Sunday, 26 December 2010

The King's Speech

Dir: Tom Hooper (The Damned United)
Cast: Colin Firth, Geoffrey Rush, Helena Bonham Carter, Guy Pearce, Jennifer Ehle, Derek Jacobi
UK/Australia, 2010

Seen: December 9, 2010 Scene screening at Varsity

Reason to see: I knew from the trailer I would see the acting-heavy, inspiring-looking biopc with Colin Firth, Geoffrey Rush and Helena Bonham Carter.

Now, *this* is all the good things that awards season can bring us. Phenomenal actors, heart wrenching historical stories and Colin Firth (A Single Man) winning us over, again.

The King’s Speech is a biopic though, and biopics can be tricky to write about as each viewer of the film may have a different level on knowledge of the history we are seeing on the screen, and for readers of this review I don’t want to spoil any of the plot with historical facts as one of the beautiful things about The King’s Speech is that it plays strongly as a drama with all the complications and conflicts along the way be they personal notations or public knowledge. So I’ll tread lightly.

In The King's Speech, Colin Firth stars as a royal with a stammer, his wife (played by Helena Bonham Carter) enlists the untraditional help of Australian Lionel Logue (played by Geoffrey Rush) to help him. It’s a fascinating, trying and compelling story about power, duty and personal pride as well as having historic relevance to boot. From the human connection perspective, the ability to express yourself, to get your message across, is a powerful thing and an important ability to each an every person in the world. Seeing a film where a person of great prestige and duty is struggling with such an everyday thing is astounding. Colin Firth projects to perfect amount of composure of someone of such an important stature, but seeing him struggle is something the audience can easily relate, sympathize with and we are most certainly cheering for him, hoping that he will overcome this burden.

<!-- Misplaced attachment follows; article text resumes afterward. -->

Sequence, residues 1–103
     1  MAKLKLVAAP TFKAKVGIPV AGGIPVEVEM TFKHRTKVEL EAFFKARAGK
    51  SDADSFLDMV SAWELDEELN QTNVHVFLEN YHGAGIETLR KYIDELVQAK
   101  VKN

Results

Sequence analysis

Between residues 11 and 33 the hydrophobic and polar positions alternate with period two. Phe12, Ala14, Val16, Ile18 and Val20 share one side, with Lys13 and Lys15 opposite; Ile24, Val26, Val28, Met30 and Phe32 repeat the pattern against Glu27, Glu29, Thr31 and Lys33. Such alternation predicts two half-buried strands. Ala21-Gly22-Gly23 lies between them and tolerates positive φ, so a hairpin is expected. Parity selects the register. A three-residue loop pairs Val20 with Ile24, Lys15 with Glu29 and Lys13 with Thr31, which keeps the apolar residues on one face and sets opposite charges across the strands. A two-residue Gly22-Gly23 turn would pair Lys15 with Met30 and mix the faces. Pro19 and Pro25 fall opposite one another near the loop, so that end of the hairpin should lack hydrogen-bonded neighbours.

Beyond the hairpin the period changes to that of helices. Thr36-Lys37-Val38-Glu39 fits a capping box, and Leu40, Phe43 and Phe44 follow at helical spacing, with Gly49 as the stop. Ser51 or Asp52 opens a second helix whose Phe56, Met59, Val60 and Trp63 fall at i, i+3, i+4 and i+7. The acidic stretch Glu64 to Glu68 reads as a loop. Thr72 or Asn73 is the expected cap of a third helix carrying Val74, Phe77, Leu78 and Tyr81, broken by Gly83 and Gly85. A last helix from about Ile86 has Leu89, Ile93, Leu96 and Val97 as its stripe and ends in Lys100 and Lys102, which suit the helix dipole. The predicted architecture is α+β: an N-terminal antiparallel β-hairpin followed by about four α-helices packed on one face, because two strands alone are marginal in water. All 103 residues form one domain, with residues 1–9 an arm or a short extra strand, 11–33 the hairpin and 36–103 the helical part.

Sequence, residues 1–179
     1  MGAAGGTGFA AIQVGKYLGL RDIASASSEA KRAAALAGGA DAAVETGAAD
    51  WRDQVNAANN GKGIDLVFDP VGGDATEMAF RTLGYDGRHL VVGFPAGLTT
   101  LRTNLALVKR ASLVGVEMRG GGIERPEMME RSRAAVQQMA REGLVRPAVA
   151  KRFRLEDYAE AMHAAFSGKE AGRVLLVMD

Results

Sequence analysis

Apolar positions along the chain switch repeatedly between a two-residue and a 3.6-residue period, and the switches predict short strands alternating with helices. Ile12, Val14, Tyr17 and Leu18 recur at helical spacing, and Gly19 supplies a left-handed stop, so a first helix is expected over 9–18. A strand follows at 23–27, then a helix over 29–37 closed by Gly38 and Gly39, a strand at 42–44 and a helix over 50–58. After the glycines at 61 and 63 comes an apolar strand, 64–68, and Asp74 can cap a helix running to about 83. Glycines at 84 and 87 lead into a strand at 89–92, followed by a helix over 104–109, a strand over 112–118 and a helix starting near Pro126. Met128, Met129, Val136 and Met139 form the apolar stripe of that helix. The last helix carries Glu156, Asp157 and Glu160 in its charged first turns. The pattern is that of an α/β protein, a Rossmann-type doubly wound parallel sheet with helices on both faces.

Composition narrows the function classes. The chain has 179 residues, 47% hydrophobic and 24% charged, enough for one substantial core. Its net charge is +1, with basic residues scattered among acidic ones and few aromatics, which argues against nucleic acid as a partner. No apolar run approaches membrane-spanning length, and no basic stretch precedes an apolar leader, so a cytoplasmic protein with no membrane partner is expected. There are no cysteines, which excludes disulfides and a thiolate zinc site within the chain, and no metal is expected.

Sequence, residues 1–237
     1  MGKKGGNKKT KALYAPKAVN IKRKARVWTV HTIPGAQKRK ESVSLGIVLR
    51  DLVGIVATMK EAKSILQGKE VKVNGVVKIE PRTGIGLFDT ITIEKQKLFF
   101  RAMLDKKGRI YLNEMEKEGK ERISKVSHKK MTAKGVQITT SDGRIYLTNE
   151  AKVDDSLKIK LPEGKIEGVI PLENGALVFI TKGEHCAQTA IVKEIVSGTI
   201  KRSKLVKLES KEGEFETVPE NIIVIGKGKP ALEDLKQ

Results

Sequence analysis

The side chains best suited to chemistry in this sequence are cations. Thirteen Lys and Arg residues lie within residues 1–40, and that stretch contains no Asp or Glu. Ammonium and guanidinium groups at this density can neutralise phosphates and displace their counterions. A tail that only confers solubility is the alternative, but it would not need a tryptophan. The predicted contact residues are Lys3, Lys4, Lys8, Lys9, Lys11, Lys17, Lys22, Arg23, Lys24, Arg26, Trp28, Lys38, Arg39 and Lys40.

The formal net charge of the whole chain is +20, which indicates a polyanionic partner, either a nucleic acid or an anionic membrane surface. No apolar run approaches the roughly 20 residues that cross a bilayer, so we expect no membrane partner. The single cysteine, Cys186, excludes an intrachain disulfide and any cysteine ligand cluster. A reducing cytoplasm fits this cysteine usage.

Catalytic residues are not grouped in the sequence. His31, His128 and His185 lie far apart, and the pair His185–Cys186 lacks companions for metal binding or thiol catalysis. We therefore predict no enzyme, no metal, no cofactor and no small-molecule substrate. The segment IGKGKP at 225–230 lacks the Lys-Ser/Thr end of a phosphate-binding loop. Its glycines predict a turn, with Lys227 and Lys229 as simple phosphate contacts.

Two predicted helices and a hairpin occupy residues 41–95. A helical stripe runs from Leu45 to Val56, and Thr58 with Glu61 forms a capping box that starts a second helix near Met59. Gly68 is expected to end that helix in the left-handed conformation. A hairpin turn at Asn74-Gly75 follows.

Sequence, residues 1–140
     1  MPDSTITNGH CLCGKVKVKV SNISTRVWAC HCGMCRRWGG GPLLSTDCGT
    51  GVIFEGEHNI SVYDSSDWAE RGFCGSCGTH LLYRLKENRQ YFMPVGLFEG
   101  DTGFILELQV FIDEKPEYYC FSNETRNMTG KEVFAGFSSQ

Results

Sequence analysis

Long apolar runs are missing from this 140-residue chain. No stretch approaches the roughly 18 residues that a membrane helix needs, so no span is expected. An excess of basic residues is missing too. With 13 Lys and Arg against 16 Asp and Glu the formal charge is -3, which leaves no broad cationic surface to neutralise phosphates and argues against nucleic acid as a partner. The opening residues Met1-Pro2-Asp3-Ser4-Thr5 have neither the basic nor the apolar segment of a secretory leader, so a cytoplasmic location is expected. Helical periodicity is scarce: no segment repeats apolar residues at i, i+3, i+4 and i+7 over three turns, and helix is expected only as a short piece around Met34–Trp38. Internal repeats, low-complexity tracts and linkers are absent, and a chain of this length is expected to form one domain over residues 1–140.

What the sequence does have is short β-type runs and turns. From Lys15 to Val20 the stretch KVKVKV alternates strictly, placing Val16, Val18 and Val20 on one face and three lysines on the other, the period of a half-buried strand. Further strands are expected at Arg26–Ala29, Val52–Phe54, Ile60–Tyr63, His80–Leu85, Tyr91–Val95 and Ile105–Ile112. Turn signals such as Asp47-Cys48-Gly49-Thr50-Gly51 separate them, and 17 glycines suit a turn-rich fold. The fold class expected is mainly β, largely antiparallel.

The magic really happens when we see the relationship created between his character and Geoffrey Rush’s, who has taken on teaching him to work through his stammer through unconventional methods. It’s a beautiful, bumpy, real relationship that we get to see build throughout the film and the both Colin Firth and Geoffrey Rush are delightful to watch. It’s a perfect story of story, characters and actors who are all top notch. The importance of duty and image coupled by the personal journey of expressions plugs the story into every emotional fibre of the viewer. It’s absolutely brilliant and easily one of the best films of the year.

See also: The King's Speech DVD Review

Shannon's Overall View:
I loved it
I'll buy it
I highly & widely recommend it to all

11 minutes of preshow including 2 previews: Somewhere & Blue Valentine

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© Shannon Ridler, 2010

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